This second tale is very different from the first and as I said earlier almost feels out of place because it’s not intended to be a lark at all. Reminiscent just a little of Deathdream, it’s amazingly well acted by its two main cast members [a third isn’t very good at all], James Howell and Michael Brouillet, who gets a really meaty scene when his character has to tell of the horrors he encountered whilst serving in Iraq that have messed him up so much. The pace is slow but the dark atmosphere is quite strong as Chad’s son Robbie starts going out at night and walking around with a carving knife. Though not as visually impressive as the previous episode, Father Land is directed with skill by Sean Canfield and still looks great in some scenes, while one genuinely unnerving appearance by Robbie’s face, lit up during a thunderstorm on the right hand side of the screen, is very well done. For those missing the grue of The Morning After, Father Land does conclude with some impressive gore effects. However, what will stay with you is the sense of how traumatic war can be to those who take part in it, a subject that has often been tackled, but is done well enough here to warrant it being done once again.
FREDDIE AND THE DEMONS
The third part returns to the feel of the first. It’s not quite as good, but still works quite well. Horror and heavy metal always seem to work well when put together. A pleasingly off-the-wall, almost surreal tone is set when Freddie begins to see his band mates as monsters [one of them looks like he belongs in Spitting Image], and is so well maintained that it’s almost a shame when Freddie decides to slaughter them and the screen is again filled with guts and gore. This episode is the most colourful of the lot, the mix of bright, almost day-glow colours spilling off the screen creating an almost psychedelic effect, though along with the editing it makes it hard to tell everything that is going on in the climax. Scott Dawson doesn’t seem to have quite as strong a grip on his tale as the other two directors do on their’s, but then again each director also wrote their own segment, as well as doing special effects and other chores. Again, the effects are very good, which makes it a great shame that Dead On Appraisal feels necessary to resort to CGI [and surely the filmmakers knew that cheap CGI looks worse than most other kinds of effects carried out with little money] for its coda after Freddie And The Demons has finished. Though there’s a well designed monster, the ending just looks very bad, though considering it’s very tongue-in-cheek I suppose it doesn’t matter too much!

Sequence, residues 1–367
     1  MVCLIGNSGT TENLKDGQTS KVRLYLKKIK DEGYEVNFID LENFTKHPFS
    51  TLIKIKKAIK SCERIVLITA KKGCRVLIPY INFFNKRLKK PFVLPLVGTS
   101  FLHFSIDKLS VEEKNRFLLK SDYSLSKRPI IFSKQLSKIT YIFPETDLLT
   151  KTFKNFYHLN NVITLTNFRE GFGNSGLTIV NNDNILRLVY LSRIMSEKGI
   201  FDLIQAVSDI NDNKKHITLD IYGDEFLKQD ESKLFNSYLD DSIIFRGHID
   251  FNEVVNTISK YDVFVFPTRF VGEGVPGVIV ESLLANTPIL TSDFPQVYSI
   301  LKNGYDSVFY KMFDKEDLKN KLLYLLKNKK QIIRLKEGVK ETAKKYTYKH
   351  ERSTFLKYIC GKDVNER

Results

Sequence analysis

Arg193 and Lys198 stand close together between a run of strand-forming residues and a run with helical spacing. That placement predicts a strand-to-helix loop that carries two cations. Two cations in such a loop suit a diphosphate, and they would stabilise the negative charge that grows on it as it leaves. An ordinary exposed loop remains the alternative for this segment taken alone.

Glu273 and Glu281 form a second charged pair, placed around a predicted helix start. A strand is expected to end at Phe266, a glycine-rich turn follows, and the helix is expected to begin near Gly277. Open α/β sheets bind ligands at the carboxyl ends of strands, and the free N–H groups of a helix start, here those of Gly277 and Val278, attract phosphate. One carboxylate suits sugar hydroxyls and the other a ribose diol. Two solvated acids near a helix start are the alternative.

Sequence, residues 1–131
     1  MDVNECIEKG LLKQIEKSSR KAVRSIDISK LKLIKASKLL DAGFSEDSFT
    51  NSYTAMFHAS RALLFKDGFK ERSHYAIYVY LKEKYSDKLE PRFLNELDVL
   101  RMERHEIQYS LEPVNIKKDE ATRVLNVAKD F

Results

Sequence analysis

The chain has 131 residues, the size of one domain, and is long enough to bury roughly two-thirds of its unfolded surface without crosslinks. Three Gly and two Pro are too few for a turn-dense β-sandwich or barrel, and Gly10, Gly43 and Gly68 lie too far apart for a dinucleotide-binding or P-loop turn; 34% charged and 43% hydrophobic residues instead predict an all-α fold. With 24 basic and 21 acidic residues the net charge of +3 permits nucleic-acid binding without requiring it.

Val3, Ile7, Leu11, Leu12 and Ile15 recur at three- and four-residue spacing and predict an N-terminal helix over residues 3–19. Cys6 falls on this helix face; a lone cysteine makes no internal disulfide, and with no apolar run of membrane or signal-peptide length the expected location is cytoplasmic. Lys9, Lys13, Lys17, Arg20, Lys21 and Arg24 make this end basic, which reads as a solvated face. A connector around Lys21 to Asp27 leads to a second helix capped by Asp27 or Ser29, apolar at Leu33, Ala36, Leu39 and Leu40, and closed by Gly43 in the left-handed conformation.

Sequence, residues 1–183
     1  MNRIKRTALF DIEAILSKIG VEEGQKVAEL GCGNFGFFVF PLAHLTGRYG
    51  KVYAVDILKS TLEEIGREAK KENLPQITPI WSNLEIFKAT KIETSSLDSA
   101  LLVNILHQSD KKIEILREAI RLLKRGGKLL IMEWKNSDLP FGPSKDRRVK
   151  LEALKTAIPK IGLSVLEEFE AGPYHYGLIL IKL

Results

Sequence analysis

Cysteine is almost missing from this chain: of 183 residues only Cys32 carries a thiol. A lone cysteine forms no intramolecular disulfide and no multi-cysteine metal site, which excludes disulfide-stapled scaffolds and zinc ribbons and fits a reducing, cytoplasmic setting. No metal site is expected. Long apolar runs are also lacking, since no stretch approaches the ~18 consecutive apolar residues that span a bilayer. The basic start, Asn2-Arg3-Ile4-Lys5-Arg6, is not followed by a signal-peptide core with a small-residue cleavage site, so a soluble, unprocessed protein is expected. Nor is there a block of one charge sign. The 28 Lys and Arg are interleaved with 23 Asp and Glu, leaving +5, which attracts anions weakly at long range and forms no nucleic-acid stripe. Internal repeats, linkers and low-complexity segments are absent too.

There are some major flaws with this film then, but the enthusiasm of Sherbrook, Canfield and Dawson, their love for horror clearly showing, feels strong enough for one to ignore some of said flaws, while all three ensure that each of their segments, even Father Land, have a similar look, and feel of a piece. The music, some of it by two of the directors, is a good mix of types [though one swing piece feels inappropriate and makes things a bit too humorous], Freddie And The Demons being quite a good Death Metal band. Dead On Appraisal is, for the most part, highly entertaining and shows a lot of promise from its creators. I would like to see all three filmmakers given the chance to show what they can do with a larger budget, maybe another anthology film, though Dead On Appraisal’s first two stories would both work well expanded into features. In any case, I had a good time with this. I guess the rating may seem too high for some, but I try to take into account what the makers of a certain film had at their disposal, and how well they use it. It’s clear that the creators of Dead On Appraisal didn’t have much to use at all, but they did have plenty of enthusiasm and skill, and that was just about enough.